Candidates announced for 6 N.W.T. municipal elections

Six N.W.T. communities have a list of candidates for mayor, council, and their District Education Authorities after nominations closed Monday afternoon.

Deadline was 3 p.m. Monday to submit nominations

The lists of municipal election candidates have been set for six N.W.T. communities, after a deadline for filing nomination papers passed Monday afternoon.

Yellowknife, Hay River, Fort Smith, Inuvik, Norman Wells and Fort Simpson will choose mayors and councillors Oct. 19 — the same day as the federal election.

In Yellowknife, the territory's capital, accountant John Himmelman has filed papers to challenge incumbent Mark Heyck in the race for mayor, and there are 15 candidates for eight seats on city council. The City of Yellowknife has published a full list of candidates on its website.

Ten candidates will stand for election as school trustees for Yellowknife's Education District No. 1, while nine trustee candidates have been confirmed for Yellowknife Catholic Schools. YK1 tweeted the final list of candidates for both districts — each have space for seven trustees — Monday afternoon.

Race on for mayor in Hay River, Fort Simpson, Fort Smith, Inuvik

In addition to Yellowknife, at least three Northwest Territories communities will see a mayoral race, as challengers have been confirmed in Hay River, Inuvik, and Fort Simpson.

Councillor Bradley Mapes will challenge incumbent mayor Andrew Cassidy in the community of Hay River. According to a press release issued by the Town of Hay River, eight nominations have been processed for eight seats on town council. Seven incumbent councillors — the entire current council, excluding Mapes — and newcomer Steve Anderson will all be acclaimed to positions once their nominations are made final. 

Seven nominations have been processed for the community's district education authority, which has seven seats. 

According to Fort Simpson's returning officer, the community is gearing up for a crowded race. Nineteen people have put their names forward for eight council seats, and 13 nominations have been processed for six seats on the community's district education authority, a number Fort Simpson's returning officer says is "one of the highest ever."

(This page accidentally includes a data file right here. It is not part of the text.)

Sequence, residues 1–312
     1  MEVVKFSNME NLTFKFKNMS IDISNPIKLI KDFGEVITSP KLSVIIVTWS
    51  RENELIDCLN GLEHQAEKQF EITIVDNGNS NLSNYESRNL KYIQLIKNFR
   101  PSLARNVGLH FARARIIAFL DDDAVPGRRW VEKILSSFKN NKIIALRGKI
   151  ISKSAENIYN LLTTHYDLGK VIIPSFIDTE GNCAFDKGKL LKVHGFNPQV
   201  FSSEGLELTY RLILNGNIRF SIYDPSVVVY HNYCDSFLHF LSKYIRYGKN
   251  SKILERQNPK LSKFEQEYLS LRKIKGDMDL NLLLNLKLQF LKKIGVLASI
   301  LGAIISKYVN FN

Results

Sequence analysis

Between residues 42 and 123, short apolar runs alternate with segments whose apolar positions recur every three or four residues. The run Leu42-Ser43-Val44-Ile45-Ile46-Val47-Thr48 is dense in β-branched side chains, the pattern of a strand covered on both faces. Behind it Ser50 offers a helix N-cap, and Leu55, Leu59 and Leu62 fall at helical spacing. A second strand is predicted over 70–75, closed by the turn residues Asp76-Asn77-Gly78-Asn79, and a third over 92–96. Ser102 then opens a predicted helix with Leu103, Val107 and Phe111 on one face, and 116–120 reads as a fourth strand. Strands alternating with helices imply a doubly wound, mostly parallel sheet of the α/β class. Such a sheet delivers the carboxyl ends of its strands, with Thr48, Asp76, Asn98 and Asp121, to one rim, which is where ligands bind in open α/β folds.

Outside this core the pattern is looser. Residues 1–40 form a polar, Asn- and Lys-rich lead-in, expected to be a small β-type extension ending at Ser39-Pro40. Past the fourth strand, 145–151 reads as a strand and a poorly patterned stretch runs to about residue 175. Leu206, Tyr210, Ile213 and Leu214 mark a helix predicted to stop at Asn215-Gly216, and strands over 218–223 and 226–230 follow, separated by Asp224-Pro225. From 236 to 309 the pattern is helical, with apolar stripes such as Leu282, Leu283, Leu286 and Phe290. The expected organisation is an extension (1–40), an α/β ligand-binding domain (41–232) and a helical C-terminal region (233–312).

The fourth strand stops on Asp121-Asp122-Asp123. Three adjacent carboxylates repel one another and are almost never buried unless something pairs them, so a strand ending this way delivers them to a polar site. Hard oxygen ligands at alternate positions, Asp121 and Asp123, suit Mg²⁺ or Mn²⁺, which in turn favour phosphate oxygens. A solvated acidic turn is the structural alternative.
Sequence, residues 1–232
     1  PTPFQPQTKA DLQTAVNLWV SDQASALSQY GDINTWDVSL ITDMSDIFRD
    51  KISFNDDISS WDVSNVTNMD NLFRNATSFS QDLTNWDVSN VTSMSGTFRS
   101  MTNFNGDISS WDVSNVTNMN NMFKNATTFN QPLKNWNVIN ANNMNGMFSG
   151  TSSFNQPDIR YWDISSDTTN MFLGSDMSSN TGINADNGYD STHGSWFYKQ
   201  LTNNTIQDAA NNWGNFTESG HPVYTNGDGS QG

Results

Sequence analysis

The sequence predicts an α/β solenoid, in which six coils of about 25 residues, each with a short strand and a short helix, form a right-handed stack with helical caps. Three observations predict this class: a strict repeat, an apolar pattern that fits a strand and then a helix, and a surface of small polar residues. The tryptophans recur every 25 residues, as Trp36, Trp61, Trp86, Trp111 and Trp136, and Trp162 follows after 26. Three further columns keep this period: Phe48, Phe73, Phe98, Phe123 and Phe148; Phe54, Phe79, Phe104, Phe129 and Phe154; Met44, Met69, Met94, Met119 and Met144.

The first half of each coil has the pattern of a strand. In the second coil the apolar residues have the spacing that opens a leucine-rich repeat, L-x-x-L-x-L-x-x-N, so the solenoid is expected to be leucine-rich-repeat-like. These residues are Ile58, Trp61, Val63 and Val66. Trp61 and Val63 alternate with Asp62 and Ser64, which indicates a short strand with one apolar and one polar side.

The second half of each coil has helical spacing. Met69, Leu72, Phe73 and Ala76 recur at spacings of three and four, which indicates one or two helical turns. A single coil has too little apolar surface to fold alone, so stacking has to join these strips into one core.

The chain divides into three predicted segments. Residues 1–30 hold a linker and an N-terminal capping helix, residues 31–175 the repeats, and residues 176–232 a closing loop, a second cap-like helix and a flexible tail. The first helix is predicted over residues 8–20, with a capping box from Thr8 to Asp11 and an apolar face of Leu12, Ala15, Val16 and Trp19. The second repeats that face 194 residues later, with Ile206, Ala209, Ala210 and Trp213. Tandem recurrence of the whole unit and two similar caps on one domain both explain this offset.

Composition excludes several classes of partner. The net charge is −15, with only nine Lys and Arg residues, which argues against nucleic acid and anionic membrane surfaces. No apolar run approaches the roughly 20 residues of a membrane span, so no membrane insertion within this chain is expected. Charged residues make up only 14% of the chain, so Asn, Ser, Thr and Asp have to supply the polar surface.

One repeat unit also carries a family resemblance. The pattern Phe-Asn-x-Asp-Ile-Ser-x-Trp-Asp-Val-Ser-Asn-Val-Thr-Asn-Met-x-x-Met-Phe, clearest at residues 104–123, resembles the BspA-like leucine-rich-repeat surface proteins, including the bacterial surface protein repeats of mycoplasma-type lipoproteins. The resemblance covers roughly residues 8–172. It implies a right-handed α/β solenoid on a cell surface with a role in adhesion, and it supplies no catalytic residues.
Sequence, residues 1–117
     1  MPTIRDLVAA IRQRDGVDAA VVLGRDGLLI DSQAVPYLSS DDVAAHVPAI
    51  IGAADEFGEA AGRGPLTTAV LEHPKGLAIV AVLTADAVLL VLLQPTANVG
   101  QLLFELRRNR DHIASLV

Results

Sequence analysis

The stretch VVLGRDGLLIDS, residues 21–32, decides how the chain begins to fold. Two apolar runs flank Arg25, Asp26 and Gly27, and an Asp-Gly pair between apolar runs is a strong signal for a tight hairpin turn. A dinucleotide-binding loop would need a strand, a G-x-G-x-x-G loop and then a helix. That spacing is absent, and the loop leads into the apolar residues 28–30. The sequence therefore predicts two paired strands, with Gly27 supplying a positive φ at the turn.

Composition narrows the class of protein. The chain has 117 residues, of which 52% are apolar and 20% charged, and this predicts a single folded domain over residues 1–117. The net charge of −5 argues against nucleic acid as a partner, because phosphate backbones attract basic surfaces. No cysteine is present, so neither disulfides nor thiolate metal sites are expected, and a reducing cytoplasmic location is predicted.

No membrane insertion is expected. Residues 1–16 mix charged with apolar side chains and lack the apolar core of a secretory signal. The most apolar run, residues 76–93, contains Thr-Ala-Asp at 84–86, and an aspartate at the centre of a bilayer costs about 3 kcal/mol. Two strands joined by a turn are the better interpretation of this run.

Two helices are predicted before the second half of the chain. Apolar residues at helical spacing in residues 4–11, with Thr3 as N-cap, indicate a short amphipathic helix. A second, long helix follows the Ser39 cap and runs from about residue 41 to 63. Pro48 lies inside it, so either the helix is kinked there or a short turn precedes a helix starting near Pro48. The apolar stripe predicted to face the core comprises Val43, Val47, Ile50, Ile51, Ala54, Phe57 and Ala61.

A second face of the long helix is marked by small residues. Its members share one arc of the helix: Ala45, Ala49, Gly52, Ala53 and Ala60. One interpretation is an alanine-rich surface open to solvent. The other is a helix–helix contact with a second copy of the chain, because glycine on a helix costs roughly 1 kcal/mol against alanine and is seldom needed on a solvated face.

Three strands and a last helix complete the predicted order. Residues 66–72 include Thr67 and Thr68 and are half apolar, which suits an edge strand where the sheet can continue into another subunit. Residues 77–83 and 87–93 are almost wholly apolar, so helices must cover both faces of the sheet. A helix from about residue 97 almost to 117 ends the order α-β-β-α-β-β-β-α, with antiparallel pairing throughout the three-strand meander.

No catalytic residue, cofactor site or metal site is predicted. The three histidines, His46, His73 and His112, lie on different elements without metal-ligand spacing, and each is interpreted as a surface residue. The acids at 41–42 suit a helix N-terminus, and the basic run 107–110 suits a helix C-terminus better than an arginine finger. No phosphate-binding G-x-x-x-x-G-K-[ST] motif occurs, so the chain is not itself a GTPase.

Three candidates have been confirmed for mayor of Fort Simpson: incumbent Sean Whelly will face challenges from Darlene Sibbeston and John Dempsey.

Fort Smith will also see a crowded field for mayor and council. Incumbent mayor Brad Brake will be challenged by Lynn Napier-Buckley, a current town councillor, as well as Don Matthews. Thirteen candidates have also been confirmed for eight seats on Fort Smith's town council.

In Inuvik, deputy mayor Jim McDonald and councillor Derek Lindsay will contest the mayor's chair, which was vacated by Floyd Roland after he was confirmed as the Conservative candidate in the 2015 federal election. Twelve candidates have also been confirmed in Inuvik for eight town council positions.

Only six nominations have been received for seven positions on Inuvik's district education authority. The Town has extended the nomination period until 3:00 p.m. on Sept. 28 to allow additional time for nominations.

Norman Wells sees mayor swap seats with councillor

The Town of Norman Wells received just enough nominations to fill its mayor's chair and six seats on council, and if their nominations aren't contested within the next 72 hours, all the candidates will be acclaimed.

Current mayor Gregor Herald McGregor has entered his name as a council candidate, while Nathan Watson, who is currently a councillor, will become the town's mayor.

Seven people have been nominated for six positions in Norman Wells' district education authority.

Residents have 72 hours from the filing deadline in each community to contest nominations for mayor, council and district education authority before they are finalized, while candidates have 48 hours to withdraw their names, if they choose to do so.

With files from Sonja Koenig


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